Sex-obsessed teen gets life for murder of 18-year-old woman
A sex-obsessed teenager has been jailed for life after being convicted of murdering an 18-year-old woman.
Jason Conroy, 19, strangled Melissa Mathieson at the residential home where they both lived and attempted to drag her body to his room in order to have sex with her.
Conroy, who has Asperger's syndrome, had a history of sexually disturbed behaviour and had been diagnosed as suffering from "deviant sexual interests", which included fantasies about strangulation and rape
He had previously strangled a teacher at his former residential school and later told psychiatrists that he wanted to kill her in order to have sex with her.
Conroy, of Savoy Road, Bristol, admitted manslaughter on the grounds of diminished responsibility but was convicted of murder by the jury at the city's crown court following a week-long trial.
Judge Graham Cottle passed a life sentence on Conroy and told him he would have to serve at least 19 years' imprisonment before he could be considered for parole.
"Although the murder was very clearly sexually motivated there was in fact no sexual assault," he said.
"The sole reason for that, as I find, is that your intentions were thwarted by the support staff being alerted to a disturbance on the landing.
"There were a number of instances when you had exhibited sexual deviancy of the most worrying kind.
"You developed a fantasy of having sex with a woman who you strangled first, at least to the point of unconsciousness if not death.
"While at Alexandra House the evidence establishes you had become fixated with Melissa. You stalked her and your intention was to have sexual intercourse with her.
"You knew she would not consent to it and so you determined to kill her and then have sex with her.
"While the consultant forensic psychiatrists called to give evidence in this case may have been in disagreement about the defence of diminished responsibility advanced on your behalf, they were united in the view that you pose a very serious risk for the foreseeable future.
"The conclusion that I reach is that you pose a very serious danger to the public, in particular young women, and the fixing of the minimum term should properly reflect that finding."
Miss Mathieson's family said there were questions that needed answering and welcomed the Safeguarding Adults Review into her death.
They described her as "a gentle, kind and lovely girl" and said her death had left a "huge, huge hole in our lives".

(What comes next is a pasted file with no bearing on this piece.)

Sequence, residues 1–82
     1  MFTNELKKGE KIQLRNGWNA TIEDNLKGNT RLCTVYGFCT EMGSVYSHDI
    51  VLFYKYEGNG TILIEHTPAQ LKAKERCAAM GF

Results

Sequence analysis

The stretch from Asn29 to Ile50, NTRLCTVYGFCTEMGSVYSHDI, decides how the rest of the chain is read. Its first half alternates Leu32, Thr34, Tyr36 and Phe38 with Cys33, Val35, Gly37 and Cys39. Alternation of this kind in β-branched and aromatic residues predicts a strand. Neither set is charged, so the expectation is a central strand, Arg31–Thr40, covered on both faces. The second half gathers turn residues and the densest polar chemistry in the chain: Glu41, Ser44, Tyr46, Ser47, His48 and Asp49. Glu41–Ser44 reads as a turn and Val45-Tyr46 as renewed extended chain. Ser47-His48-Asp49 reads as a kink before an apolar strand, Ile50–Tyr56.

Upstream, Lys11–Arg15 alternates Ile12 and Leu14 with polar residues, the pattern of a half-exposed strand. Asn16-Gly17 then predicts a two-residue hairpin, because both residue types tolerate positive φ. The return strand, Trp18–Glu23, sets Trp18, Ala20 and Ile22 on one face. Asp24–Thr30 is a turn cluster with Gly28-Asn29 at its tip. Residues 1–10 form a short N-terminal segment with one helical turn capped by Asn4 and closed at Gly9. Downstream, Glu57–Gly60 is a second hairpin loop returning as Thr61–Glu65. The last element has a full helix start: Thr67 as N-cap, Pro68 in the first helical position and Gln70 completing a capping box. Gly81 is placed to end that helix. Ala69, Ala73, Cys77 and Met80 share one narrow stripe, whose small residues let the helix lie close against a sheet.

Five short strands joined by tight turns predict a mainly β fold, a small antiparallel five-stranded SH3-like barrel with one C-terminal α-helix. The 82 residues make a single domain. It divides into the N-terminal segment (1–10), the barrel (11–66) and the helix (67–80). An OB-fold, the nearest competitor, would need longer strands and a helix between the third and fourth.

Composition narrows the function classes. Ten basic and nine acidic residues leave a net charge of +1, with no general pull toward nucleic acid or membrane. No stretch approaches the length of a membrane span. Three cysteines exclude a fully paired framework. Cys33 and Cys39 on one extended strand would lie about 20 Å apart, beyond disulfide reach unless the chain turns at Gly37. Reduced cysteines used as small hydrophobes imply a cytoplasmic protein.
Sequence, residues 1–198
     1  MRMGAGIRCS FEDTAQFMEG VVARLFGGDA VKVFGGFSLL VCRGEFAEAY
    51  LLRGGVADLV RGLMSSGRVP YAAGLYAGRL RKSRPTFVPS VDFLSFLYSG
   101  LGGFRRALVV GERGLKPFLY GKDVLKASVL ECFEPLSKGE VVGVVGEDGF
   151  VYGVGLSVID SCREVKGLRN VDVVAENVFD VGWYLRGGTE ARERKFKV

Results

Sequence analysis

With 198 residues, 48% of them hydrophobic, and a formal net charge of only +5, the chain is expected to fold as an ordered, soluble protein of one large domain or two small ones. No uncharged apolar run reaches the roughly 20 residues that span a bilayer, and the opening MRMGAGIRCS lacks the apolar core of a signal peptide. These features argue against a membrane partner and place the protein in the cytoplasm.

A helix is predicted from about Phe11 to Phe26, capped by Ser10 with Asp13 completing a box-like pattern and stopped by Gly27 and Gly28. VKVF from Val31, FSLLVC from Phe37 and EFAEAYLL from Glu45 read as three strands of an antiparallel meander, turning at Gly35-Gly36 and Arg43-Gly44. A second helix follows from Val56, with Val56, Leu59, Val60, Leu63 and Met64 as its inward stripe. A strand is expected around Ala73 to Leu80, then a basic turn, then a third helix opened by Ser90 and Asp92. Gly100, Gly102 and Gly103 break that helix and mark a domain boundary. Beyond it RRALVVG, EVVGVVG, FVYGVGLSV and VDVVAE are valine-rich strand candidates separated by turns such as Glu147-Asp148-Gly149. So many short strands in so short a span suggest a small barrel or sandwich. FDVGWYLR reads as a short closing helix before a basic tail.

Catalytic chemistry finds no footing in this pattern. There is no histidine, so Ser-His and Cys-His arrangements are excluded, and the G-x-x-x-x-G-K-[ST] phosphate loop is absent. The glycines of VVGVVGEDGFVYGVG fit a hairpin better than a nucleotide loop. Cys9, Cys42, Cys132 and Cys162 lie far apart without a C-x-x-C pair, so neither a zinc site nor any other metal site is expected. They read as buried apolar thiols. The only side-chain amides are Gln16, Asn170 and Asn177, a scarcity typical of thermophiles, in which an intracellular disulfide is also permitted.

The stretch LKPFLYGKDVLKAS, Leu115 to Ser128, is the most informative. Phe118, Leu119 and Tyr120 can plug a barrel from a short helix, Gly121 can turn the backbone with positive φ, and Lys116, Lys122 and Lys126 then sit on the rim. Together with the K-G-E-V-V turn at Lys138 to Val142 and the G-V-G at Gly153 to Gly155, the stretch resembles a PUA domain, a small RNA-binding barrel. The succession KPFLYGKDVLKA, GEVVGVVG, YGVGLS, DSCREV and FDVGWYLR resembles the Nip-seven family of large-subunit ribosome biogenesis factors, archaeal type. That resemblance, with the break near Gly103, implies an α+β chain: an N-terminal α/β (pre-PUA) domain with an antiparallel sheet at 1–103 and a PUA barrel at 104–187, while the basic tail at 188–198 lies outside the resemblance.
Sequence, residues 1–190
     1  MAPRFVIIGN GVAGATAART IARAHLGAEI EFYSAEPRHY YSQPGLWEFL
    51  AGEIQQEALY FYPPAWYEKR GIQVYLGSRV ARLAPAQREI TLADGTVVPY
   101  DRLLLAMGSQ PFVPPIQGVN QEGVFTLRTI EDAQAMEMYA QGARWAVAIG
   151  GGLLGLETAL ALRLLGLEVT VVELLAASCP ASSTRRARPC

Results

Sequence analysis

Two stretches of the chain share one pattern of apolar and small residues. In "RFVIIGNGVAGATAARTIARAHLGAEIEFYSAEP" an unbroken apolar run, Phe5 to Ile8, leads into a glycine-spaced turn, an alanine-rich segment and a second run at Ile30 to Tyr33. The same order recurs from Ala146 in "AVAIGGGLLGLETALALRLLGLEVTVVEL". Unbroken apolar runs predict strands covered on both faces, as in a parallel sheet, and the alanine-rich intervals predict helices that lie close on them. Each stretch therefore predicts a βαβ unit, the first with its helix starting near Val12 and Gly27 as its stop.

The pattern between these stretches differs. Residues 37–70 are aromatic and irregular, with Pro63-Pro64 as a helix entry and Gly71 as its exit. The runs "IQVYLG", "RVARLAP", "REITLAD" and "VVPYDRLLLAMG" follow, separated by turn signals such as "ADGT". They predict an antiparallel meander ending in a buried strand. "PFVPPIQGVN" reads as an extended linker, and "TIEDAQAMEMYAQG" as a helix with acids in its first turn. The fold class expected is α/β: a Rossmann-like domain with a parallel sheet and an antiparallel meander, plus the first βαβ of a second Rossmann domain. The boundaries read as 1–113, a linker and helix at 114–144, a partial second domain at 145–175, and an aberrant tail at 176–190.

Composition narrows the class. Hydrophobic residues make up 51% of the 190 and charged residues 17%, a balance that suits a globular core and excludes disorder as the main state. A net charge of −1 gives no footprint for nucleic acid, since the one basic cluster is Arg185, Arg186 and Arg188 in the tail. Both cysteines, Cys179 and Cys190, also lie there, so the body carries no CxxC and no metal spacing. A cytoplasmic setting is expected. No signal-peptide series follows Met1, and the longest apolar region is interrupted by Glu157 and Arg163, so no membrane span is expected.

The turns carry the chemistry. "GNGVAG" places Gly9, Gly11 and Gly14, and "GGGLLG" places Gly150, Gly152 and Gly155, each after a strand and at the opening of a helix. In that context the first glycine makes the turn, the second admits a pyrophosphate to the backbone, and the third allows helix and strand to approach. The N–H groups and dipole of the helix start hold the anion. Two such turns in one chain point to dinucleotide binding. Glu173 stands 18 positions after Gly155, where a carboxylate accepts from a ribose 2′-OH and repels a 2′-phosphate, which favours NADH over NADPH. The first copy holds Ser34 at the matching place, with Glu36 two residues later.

"We know better than most people the difficulties that autism can present so our feelings about Jason Conroy are not based on ignorance of his condition," they said.
"What he has done is awful; we cannot comprehend it. He has deprived a brother of his sister.
"It has been incredibly difficult to sit through the trial and listen to the evidence, especially the history of Jason Conroy's previous sexually deviant and aggressive behaviour.
"Melissa believed wholeheartedly that the care system was the safest place to be to help her with her difficulties.
"We feel that there are still many questions that need to be answered by many organisations, including Social Services and the NHS, about how Melissa and Jason Conroy came to be in a situation which ultimately led to Melissa's death."
The trial heard that staff at Alexandra House in Bristol knew of Conroy's attack on the teacher when he moved in a month before Miss Mathieson's death in October last year.
The residential home provides accommodation for adult men and women who suffer from Asperger's and different forms of autism.
The court heard that hours before the fatal attack on October 12 Miss Mathieson told care home staff Conroy was stalking her and making her feel scared.
One care worker told the night staff to be "extra vigilant overnight" and ensure that both Conroy and Miss Mathieson locked their bedroom doors when they went to bed.
But Conroy slipped out of his second floor room and went upstairs to Miss Mathieson, let himself into her unlocked room and while she slept attacked her.
When he was arrested a short time later, he told police: "I am responsible."
Senior investigating officer Andrew Mott, of Avon and Somerset Police, said: "This was a desperately sad case in which a young person's life was cut tragically short.
"At the beginning of the investigation we made a referral to the Bristol Safeguarding Adults Board. As a result of this, a Safeguarding Adults Review is currently ongoing."